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This out-of-nowhere Rays star is slaying the Yankees and becoming a folk hero

Zach Crizer
·4-min read

In baseball’s literary universe, the New York Yankees are the dragon, the Death Star and the final boss all wrapped into one. They are just supposed to win. Status quo: Yankees win. Actual recent history — in which they haven’t won or even made it to the World Series since 2009 — doesn’t matter nearly as much as their ingrained place in the culture. Nor does their lower seeding or second-place division finish. Having Gerrit Cole, Aaron Judge and Giancarlo Stanton adds to the Monstars vibe.

So when someone has them on the ropes in the playoffs, a hero is born. The 2020 version of this character is maybe particularly primed to have his story remembered.

Tampa Bay Rays outfielder Randy Arozarena is, first off, just absolutely killing the Yankees on the field in the American League Division Series. With the Rays up 2-1 and looking to clinch Thursday night, the 25-year-old has homered in all three games so far. He’s batting .667/.692/1.417 in the series, with eight hits, five runs and only one strikeout. Teammate Tyler Glasnow, searching for words to describe his brilliance, concluded he must be “the best baseball player on Earth right now.”

That would be notable regardless, but Arozarena — taker of 99 total regular-season plate appearances in the majors — comes to this October prepackaged for intrigue, a folk hero starter kit. Observe.

Interest-piquing origin story? Check.

Hailing from Cuba, Arozarena originally signed with the Cardinals and debuted with St. Louis as a relatively unheralded backup outfielder in 2019. He even made a couple appearances in last year’s postseason, which allowed him to show the world Cardinals manager Mike Shildt’s not-for-public-consumption postgame speech after eliminating the Braves.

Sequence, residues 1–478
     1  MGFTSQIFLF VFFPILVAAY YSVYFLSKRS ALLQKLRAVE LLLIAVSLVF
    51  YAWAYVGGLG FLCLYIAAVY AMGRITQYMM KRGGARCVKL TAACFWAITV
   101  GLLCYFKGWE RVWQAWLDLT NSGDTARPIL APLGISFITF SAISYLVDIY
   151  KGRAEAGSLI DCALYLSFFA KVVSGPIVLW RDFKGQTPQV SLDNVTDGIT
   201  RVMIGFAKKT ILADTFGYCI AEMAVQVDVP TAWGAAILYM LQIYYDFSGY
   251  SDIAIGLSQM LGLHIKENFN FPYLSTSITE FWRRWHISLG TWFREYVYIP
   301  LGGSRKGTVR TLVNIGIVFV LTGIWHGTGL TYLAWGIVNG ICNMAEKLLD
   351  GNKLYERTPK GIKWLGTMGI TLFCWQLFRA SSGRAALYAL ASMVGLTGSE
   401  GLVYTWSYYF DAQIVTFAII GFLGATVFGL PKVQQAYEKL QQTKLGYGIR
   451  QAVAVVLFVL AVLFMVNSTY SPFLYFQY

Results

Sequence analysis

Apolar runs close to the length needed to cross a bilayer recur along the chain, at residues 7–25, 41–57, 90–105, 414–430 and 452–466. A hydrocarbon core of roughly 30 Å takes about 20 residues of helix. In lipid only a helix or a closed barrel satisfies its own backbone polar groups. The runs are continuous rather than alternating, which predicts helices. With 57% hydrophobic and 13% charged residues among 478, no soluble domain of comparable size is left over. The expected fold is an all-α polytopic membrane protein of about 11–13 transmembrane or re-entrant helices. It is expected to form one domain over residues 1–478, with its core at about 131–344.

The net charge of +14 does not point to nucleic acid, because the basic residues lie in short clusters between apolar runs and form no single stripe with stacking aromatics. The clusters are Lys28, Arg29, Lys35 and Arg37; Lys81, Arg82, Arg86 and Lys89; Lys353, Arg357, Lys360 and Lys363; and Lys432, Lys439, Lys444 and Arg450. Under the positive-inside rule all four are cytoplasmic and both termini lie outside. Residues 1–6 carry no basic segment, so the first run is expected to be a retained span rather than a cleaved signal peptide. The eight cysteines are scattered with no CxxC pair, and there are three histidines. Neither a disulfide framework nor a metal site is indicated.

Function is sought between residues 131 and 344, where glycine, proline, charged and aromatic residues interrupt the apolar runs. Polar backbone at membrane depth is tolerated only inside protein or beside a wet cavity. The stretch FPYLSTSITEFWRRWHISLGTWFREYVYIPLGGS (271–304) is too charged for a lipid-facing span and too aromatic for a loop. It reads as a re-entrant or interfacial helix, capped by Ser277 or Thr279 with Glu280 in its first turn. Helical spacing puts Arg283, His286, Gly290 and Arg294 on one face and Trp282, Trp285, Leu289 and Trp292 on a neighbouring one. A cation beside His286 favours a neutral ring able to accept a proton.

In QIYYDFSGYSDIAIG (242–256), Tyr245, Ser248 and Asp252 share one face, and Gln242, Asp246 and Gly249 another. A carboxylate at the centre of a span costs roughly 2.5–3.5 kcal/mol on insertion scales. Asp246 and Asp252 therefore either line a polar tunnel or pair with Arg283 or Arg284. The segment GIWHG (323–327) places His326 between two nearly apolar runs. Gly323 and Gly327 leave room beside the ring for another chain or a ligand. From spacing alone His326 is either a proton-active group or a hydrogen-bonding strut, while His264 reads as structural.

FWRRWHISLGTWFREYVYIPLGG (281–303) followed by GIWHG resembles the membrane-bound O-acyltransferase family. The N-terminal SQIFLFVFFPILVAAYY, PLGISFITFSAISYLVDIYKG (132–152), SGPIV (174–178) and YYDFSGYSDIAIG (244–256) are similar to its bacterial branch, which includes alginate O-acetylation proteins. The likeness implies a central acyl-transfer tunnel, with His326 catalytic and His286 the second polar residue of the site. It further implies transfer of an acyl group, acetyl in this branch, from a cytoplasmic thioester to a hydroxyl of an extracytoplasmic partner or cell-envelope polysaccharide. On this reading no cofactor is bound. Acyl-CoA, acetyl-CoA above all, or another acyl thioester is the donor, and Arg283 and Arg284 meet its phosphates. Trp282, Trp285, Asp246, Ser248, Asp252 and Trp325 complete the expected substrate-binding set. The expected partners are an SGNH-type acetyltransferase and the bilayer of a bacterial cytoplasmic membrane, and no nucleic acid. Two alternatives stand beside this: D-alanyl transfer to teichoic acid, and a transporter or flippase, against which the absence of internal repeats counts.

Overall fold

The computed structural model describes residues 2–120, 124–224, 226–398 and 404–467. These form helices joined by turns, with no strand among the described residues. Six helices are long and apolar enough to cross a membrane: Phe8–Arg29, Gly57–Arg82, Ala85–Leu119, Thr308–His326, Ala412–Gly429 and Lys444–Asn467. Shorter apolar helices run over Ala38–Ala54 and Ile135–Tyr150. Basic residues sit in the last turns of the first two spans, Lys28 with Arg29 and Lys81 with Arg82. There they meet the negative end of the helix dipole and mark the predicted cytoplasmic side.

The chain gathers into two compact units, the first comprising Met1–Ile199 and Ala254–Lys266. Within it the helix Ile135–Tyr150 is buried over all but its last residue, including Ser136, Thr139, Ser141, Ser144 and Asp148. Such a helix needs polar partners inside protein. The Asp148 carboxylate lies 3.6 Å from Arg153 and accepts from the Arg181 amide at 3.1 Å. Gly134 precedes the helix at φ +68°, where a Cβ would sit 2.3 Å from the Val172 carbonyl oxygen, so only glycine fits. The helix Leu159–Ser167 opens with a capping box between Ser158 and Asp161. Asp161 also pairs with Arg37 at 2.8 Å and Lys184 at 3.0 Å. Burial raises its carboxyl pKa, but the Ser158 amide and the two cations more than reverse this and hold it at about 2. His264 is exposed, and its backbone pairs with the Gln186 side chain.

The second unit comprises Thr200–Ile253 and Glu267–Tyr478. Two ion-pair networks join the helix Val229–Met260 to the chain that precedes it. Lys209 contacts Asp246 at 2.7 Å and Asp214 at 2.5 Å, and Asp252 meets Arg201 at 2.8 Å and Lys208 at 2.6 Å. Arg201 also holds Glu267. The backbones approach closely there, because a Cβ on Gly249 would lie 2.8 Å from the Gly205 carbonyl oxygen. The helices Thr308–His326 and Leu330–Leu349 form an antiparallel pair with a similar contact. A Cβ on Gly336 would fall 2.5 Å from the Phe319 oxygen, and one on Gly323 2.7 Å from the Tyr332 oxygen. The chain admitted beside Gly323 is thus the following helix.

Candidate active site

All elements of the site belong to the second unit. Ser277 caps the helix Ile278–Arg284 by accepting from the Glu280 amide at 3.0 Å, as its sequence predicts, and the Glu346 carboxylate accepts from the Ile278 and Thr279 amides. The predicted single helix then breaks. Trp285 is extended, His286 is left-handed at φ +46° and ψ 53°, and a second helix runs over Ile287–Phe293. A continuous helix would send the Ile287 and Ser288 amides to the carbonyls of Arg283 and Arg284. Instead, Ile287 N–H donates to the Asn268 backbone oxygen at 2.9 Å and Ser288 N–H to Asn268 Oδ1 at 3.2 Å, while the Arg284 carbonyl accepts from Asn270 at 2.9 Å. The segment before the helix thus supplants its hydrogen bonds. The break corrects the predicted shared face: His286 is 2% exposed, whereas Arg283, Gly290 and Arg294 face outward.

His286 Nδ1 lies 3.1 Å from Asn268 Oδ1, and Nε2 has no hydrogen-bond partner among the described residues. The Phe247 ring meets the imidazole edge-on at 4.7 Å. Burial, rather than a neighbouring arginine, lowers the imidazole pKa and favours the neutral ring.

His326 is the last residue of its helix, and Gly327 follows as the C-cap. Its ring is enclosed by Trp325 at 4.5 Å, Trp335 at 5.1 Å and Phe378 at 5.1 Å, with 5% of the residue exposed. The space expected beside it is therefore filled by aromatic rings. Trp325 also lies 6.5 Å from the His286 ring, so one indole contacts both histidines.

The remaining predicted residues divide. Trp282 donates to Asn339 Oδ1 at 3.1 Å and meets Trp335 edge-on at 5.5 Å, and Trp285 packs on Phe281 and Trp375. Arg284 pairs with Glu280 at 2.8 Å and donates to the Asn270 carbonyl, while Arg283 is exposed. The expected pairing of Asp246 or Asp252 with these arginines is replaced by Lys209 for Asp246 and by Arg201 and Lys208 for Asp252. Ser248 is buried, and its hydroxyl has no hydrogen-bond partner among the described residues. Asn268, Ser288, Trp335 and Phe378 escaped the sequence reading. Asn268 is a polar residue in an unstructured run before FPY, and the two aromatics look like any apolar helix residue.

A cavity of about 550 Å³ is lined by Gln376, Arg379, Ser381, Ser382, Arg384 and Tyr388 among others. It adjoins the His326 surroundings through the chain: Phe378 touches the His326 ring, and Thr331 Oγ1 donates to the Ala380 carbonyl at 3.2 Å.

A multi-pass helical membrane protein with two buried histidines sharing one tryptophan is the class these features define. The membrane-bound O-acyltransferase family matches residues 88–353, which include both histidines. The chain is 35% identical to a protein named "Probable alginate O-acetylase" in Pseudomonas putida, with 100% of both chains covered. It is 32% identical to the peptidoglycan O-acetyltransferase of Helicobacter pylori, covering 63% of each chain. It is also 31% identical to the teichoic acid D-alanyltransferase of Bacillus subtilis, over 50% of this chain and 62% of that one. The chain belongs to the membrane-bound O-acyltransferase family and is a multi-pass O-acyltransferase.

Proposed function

Then over the offseason, he was shipped to the Rays as not-even-the-centerpiece (or so we thought) of a deal that sent prominent pitching prospect Matthew Liberatore to St. Louis and the seemingly DH-bound Jose Martinez to Tampa.

At the time, his outlook was murky (cha-ching, more folk hero points) despite strong minor-league numbers. The best guesses at his future from prospect analysts had him somewhere close to an average everyday corner outfielder. FanGraphs noted that he hit the ball exceptionally hard, and often impressed scouts with both his speed and willingness to use it. “Arozarena once turned a routine pop-up into a triple because he sprinted full-tilt out of the box while the infielders miscommunicated,” Eric Longenhagen reported in the evaluation.

He wowed the Rays in spring training before falling ill with COVID-19 and getting a late start to the condensed season. He wound up playing just 23 games, but crushed an eye-opening seven homers in just 76 plate appearances to climb into a prominent spot in the Rays lineup ahead of the playoffs.

Tampa Bay Rays' Randy Arozarena reacts after crossing the plate after hitting a solo home run during the first inning in Game 2 of a baseball American League Division Series against the New York Yankees, Tuesday, Oct. 6, 2020, in San Diego. (AP Photo/Gregory Bull)
Tampa Bay Rays' Randy Arozarena reacts after crossing the plate after hitting a solo home run during the first inning in Game 2 of a baseball American League Division Series against the New York Yankees, Tuesday, Oct. 6, 2020, in San Diego. (AP Photo/Gregory Bull)

Transformative time in the wilderness? Check.

OK, so Arozarena didn’t emerge from the forest or get schooled by Liam Neeson in the ways of fighting, but he does have a tale of powering up that has instantly become canon.

What was thought of as doubles power for a speed-oriented player has become over-the-fence power in his arrival on the scene in 2020, and voila, a catchy reason has entered the public consciousness. Arozarena says that during his COVID-19 quarantine, cooped up in a Florida apartment, he put on 15 pounds of muscle by eating chicken and rice and doing 300 push-ups every day.

The Arozarena Diet, the next great fitness fad.

Trademark apparel? Check.

If it’s not the Spartan diet and exercise routine, though, it’s the cowboy boots.

As’s Juan Toribio explains, Arozarena has a longstanding tradition of taking his teammates’ boots and soaking in the apparent good fortune that comes with them. He said the practice goes back to 2017 and his time playing in the Mexican Winter League, and the effect admittedly sounds similar.

“Those are the boots that give me good luck and I always hit a home run,” Arozarena told

With the Rays, he’s absorbing the good juju from pitching prospect Brent Honeywell’s all-black boots, which he wore on the field before the ALDS started. So perhaps the Yankees were doomed from the start.

It’s possible Arozarena is legitimately blossoming into a star at a particularly opportune time. Or maybe he’s just having the hottest two weeks of his career. Our brains are only so complicated, though. Right now, he’s beating the Yankees on the strength of chicken and rice and push-ups, which means he’s wearing the cape in the movie that is baseball, along with some cowboy boots.

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